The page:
Spencer JA, Ferraro F, Roussakis E, Klein A, Wu J, Runnels JM, et al. Direct measurement of local oxygen concentration in the bone marrow of live animals. Nature. 2014;508(7495):269-273. nature13034 [pii];https://doi.org/10.1038/nature13034 [doi]
Mantel CR, O'Leary HA, Chitteti BR, Huang X, Cooper S, Hangoc G, et al. Enhancing Hematopoietic Stem Cell Transplantation Efficacy by Mitigating Oxygen Shock. Cell. 2015;161(7):1553–65. https://doi.org/10.1016/j.cell.2015.04.054.
Suda T, Takubo K, Semenza GL. Metabolic regulation of hematopoietic stem cells in the hypoxic niche. Cell Stem Cell. 2011;9(4):298–310.
Simsek T, Kocabas F, Zheng J, Deberardinis RJ, Mahmoud AI, Olson EN, et al. The distinct metabolic profile of hematopoietic stem cells reflects their location in a hypoxic niche. Cell Stem Cell. 2010;7(3):380–90.
Keith B, Simon MC. Hypoxia-inducible factors, stem cells, and cancer. Cell. 2007;129(3):465–72.
Semenza GL. Hypoxia-inducible factors in physiology and medicine. Cell. 2012;148(3):399-408. S0092-S8674(12)00087-00086 [pii];https://doi.org/10.1016/j.cell.2012.01.021 [doi]
Schito L, Rey S, Konopleva M. Integration of hypoxic HIF-alpha signaling in blood cancers. Oncogene. 2017;36(38):5331–40. https://doi.org/10.1038/onc.2017.119.
Takubo K, Goda N, Yamada W, Iriuchishima H, Ikeda E, Kubota Y, et al. Regulation of the HIF-1alpha level is essential for hematopoietic stem cells. Cell Stem Cell. 2010;7(3):391–402.
Miharada K, Karlsson G, Rehn M, Rorby E, Siva K, Cammenga J, et al. Cripto regulates hematopoietic stem cells as a hypoxic-niche-related factor through cell surface receptor GRP78. Cell Stem Cell. 2011;9(4):330–44.
Scortegagna M, Morris MA, Oktay Y, Bennett M, Garcia JA. The HIF family member EPAS1/HIF-2alpha is required for normal hematopoiesis in mice. Blood. 2003;102(5):1634–40.
Semenza GL. HIF-1 mediates metabolic responses to intratumoral hypoxia and oncogenic mutations. J Clin Invest. 2013;123(9):3664-3671. 67230 [pii];https://doi.org/10.1172/JCI67230 [doi]
Lee KE, Simon MC. From stem cells to cancer stem cells: HIF takes the stage. Curr Opin Cell Biol. 2012;24(2):232-235. S0955-0674(12)00006-3 [pii];https://doi.org/10.1016/j.ceb.2012.01.005 [doi]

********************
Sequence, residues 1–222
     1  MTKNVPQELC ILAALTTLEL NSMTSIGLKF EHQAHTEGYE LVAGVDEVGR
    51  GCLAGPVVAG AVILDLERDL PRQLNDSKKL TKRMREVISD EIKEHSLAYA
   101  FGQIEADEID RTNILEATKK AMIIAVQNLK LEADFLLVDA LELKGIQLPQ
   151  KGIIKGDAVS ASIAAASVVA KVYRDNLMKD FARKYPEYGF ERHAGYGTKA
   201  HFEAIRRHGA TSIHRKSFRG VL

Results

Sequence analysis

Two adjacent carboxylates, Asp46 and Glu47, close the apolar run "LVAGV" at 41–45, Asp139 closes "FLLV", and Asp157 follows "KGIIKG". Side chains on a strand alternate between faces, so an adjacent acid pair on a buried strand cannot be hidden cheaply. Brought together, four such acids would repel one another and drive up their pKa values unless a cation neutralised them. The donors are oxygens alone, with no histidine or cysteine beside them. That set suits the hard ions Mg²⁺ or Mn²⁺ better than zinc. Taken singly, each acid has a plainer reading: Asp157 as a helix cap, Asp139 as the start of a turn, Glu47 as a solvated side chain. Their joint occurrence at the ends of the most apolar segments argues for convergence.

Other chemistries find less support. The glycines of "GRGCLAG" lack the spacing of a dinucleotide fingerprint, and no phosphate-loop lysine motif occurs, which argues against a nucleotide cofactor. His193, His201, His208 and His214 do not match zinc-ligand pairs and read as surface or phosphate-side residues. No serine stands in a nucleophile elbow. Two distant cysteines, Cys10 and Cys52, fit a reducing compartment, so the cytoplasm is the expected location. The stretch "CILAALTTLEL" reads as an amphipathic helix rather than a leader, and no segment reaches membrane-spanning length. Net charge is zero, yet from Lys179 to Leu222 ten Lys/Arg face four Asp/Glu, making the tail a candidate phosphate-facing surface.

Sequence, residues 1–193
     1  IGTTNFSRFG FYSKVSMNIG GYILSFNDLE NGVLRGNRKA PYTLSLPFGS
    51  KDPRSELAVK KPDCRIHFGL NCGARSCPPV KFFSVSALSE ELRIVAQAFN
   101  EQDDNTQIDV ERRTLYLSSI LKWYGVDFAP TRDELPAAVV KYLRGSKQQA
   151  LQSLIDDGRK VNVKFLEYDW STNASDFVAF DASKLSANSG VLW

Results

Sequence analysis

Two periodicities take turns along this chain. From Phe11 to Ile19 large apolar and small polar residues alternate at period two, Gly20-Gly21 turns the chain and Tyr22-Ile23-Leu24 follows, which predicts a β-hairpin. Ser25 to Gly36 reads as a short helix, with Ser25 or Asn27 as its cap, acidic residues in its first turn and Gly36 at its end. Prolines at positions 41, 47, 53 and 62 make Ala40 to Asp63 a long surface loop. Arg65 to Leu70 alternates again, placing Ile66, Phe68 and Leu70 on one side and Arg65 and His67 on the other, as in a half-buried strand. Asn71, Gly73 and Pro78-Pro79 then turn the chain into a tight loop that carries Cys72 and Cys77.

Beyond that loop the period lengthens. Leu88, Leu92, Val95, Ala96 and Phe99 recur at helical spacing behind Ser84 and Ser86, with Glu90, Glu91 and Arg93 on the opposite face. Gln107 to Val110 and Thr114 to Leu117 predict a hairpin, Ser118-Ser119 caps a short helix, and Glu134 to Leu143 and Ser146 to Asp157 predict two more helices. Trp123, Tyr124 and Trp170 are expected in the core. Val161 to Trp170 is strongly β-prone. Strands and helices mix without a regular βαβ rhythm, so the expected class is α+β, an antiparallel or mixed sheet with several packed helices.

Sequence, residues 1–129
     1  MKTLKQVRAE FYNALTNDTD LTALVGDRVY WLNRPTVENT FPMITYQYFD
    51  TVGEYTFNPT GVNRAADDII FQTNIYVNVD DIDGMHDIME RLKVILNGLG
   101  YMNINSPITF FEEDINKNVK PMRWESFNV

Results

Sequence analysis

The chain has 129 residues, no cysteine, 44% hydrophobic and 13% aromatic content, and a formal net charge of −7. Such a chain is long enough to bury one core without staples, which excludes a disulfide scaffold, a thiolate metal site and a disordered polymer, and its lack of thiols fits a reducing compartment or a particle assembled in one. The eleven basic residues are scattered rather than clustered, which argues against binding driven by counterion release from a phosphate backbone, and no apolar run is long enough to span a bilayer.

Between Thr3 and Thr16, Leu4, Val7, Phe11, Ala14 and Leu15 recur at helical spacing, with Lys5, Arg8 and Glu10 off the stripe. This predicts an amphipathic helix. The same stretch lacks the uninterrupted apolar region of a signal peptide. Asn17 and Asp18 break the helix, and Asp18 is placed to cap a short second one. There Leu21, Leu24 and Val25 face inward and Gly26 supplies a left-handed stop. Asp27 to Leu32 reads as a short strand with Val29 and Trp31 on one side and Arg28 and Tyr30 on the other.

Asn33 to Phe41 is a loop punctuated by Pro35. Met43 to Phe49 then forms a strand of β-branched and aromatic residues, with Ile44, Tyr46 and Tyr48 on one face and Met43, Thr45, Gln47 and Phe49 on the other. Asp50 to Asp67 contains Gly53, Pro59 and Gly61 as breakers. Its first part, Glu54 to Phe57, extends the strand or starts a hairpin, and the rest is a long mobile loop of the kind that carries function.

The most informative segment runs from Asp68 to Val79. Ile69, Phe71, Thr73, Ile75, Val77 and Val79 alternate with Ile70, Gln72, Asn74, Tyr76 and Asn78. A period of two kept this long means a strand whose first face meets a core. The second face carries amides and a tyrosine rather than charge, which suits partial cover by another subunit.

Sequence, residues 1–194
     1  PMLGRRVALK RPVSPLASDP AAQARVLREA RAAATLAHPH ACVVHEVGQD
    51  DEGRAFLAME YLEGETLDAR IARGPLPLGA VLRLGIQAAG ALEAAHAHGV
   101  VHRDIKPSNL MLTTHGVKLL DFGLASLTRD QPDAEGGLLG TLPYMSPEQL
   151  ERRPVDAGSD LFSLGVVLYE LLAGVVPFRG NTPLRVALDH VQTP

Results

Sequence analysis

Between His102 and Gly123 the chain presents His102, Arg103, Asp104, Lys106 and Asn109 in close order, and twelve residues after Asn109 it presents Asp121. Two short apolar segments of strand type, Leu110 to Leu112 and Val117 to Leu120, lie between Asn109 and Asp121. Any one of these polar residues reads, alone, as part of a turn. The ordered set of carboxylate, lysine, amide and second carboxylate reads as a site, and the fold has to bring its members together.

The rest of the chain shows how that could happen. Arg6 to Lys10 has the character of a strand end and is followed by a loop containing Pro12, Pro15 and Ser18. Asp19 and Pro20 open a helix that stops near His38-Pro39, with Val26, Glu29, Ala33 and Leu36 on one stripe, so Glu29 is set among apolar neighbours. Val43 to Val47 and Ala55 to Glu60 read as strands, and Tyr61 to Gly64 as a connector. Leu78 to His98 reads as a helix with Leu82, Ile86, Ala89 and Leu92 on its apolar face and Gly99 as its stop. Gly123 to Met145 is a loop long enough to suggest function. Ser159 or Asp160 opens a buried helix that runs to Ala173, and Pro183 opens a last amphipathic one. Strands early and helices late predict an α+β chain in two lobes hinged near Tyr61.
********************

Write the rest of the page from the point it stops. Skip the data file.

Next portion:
Rouault-Pierre K, Hamilton A, Bonnet D. Effect of hypoxia-inducible factors in normal and leukemic stem cell regulation and their potential therapeutic impact. Expert Opin Biol Ther. 2016;16(4):463–76. https://doi.org/10.1517/14712598.2016.1133582.
Gao XN, Yan F, Lin J, Gao L, Lu XL, Wei SC, et al. AML1/ETO cooperates with HIF1alpha to promote leukemogenesis through DNMT3a transactivation. Leukemia. 2015;29(8):1730-1740. leu201556 [pii];https://doi.org/10.1038/leu.2015.56 [doi]
Forristal CE, Brown AL, Helwani FM, Winkler IG, Nowlan B, Barbier V, et al. Hypoxia inducible factor (HIF)-2alpha accelerates disease progression in mouse models of leukemia and lymphoma but is not a poor prognosis factor in human AML. Leukemia. 2015. leu2015102 [pii];https://doi.org/10.1038/leu.2015.102 [doi]
Rouault-Pierre K, Lopez-Onieva L, Foster K, Anjos-Afonso F, Lamrissi-Garcia I, Serrano-Sanchez M, et al. HIF-2alpha Protects Human Hematopoietic Stem/ Progenitors and Acute Myeloid Leukemic Cells from Apoptosis Induced by Endoplasmic Reticulum Stress. Cell Stem Cell. 2013;13(5):549-563. S1934-5909(13)00374-3 [pii];https://doi.org/10.1016/j.stem.2013.08.011 [doi]
Wang Y, Liu Y, Malek SN, Zheng P, Liu Y. Targeting HIF1alpha eliminates cancer stem cells in hematological malignancies. Cell Stem Cell. 2011;8(4):399-411. S1934-5909(11)00057-9 [pii];https://doi.org/10.1016/j.stem.2011.02.006 [doi]
Koczula KM, Ludwig C, Hayden R, Cronin L, Pratt G, Parry H, et al. Metabolic plasticity in CLL: adaptation to the hypoxic niche. Leukemia. 2016;30(1):65–73. https://doi.org/10.1038/leu.2015.187.